The window into your company is open
In the mad race to become, overnight, enterprise 2.0 and web 2.0-friendly, companies are seeking to talk up their “engagement” in the new process in an attempt to lure in talent. I had a rather animated discussion the other night with someone telling me with great bravado how he felt his company was “taking the internet seriously” and was becoming web-centric. The funny thing is that (a) it is pointless saying that you are “there” when it is entirely visible from the outside the company is still stumbling on the internet; and (b) it is not something that can — or even should — happen overnight, no matter how much money is thrown at the topic.
Examples of things to look out for (through the open window):
- number of engaged fans on Facebook fan pages
- how quickly and with which level of enthusiasm the brand replies to questions and comments (ie on a Facebook page, Twitter or even in a forum…)
- integration of social media on the ‘institutional’ website — is there a widget on the home page that promotes their social media presence?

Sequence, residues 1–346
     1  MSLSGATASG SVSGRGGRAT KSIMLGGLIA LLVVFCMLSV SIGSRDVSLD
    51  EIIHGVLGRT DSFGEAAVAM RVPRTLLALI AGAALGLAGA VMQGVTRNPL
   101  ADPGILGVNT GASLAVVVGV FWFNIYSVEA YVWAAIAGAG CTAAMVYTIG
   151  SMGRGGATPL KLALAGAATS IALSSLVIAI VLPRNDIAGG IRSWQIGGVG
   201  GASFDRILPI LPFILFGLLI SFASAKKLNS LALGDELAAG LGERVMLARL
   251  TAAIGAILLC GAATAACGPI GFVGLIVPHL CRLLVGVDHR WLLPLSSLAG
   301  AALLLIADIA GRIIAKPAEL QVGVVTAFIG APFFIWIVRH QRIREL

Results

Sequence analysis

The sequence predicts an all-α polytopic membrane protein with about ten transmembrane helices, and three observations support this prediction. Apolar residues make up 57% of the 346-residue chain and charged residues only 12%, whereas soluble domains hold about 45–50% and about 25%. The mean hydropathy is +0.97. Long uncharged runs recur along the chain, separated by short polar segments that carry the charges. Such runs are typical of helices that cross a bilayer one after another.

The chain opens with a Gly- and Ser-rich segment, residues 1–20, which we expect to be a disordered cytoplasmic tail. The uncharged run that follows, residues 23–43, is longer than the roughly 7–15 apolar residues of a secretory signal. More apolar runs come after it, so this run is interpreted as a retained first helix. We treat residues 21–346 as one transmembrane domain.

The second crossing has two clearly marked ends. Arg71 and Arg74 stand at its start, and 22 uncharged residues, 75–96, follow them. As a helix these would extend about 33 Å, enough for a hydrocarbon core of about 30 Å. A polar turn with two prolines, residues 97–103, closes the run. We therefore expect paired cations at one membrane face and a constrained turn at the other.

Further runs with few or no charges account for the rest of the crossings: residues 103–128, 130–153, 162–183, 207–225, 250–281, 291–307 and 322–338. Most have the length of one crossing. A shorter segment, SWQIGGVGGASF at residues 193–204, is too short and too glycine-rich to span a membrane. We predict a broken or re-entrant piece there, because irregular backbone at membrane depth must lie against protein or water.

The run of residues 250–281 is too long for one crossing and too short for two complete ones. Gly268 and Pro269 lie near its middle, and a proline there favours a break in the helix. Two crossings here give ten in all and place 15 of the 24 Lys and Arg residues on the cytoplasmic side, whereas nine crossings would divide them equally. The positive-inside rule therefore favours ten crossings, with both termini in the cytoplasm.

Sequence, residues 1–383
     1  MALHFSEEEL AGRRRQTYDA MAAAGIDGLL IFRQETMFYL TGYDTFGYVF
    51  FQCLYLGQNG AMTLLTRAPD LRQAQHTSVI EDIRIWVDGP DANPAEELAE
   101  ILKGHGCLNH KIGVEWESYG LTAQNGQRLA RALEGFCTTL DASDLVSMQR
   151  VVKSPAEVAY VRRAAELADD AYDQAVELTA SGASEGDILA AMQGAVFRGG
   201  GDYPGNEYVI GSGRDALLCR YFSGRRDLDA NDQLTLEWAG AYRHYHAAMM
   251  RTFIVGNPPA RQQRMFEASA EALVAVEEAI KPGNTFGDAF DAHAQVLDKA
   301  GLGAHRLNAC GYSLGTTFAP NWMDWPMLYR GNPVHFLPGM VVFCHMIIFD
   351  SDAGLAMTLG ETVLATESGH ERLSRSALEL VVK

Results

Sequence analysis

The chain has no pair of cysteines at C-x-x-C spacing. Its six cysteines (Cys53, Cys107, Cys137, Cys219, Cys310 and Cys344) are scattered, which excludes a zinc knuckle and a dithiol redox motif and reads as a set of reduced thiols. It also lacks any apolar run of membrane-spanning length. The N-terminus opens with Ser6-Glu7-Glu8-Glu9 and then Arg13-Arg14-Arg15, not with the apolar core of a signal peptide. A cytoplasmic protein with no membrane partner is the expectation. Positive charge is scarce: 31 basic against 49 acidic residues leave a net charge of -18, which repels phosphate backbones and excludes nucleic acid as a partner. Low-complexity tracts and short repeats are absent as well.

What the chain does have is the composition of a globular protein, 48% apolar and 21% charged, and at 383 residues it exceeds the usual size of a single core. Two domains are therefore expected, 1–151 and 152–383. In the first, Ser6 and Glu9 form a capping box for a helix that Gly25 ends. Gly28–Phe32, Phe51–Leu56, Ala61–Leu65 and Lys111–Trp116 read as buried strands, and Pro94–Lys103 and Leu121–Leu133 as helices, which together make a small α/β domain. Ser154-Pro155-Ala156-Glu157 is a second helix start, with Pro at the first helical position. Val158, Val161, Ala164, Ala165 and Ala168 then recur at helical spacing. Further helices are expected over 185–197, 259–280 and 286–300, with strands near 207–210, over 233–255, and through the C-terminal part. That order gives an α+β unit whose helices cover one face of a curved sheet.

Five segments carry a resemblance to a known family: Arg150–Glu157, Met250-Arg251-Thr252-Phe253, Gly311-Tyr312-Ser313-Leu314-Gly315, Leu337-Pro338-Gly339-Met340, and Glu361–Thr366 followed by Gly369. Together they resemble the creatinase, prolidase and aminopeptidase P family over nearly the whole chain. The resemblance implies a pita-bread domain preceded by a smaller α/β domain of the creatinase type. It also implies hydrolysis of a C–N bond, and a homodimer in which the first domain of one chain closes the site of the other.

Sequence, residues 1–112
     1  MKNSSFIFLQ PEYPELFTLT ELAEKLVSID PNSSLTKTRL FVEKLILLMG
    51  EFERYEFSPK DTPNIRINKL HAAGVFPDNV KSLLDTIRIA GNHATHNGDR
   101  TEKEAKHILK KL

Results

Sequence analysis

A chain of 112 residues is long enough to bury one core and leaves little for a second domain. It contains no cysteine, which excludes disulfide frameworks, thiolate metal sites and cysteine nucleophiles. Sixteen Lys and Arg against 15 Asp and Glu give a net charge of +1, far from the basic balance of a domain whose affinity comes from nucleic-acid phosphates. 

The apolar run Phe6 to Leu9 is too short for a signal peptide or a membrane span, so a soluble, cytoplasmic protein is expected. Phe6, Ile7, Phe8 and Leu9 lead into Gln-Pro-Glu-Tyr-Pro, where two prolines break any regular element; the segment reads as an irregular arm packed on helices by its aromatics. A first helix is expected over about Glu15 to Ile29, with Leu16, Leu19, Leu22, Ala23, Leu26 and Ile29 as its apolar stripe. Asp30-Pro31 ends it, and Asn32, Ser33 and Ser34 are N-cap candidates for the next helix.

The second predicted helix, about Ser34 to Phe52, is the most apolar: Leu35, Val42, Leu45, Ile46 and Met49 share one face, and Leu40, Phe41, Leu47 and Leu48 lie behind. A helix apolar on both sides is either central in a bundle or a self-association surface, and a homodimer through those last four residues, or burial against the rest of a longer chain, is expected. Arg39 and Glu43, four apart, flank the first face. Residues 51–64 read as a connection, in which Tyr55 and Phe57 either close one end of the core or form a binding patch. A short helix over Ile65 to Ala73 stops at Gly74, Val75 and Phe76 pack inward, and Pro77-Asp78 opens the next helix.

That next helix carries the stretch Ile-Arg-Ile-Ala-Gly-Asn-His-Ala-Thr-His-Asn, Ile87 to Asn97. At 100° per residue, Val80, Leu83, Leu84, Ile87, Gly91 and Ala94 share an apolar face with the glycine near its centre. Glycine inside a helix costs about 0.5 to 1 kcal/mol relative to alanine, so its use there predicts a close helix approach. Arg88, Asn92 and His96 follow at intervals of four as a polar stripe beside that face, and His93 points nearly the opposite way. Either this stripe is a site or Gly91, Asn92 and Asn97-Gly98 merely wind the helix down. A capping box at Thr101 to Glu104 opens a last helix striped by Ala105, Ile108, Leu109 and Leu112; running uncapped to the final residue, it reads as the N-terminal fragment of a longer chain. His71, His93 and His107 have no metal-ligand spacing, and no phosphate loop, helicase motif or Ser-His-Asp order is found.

- is their presence online being touted consistently with their offline media
- number of blogs published by the employees (with commentary and a good following) — are any of the senior managers doing blogs?
- Twitter accounts with pertinent links in the content as well as abundant followers, of course…
Get engaged before you get married!
A company’s eReputation includes its ability to engage actively its customer base. There are just too many ways to evaluate a company’s eReputation and web-centricity from the outside to say that the company is “well on its way” when the path is a long one and that they are, in reality, far from it. Humility and understatement in this regard are probably de rigueur, I would suggest. A company that is used to being transparent, moreover, will know better not to exaggerate its prowess. For most companies, especially those in the command & control system, transforming into the 2.0 mindset will be like learning a new language and there is little reason to want to say you speak a language fluently when you could be called upon to speak in that new language at any instant. The bluff is too quickly called.
Furthermore, the success of a company’s 2.0 strategy will depend on the company’s customer-centricity. The less a company is customer centric, the more the web 2.0-ness will look hollow and feel commercial.
Just as when your kid asks you from the backseat, “are we there, yet?” there is sense in understating the speed at which you expect to arrive at the destination to create more chances of a positive surprise. In the case of a 2.0 myndset, of course, it is not a destination in itself, but a journey.
So, I ask the question, are you there yet? And, if you are not, what message are you sending to your teams?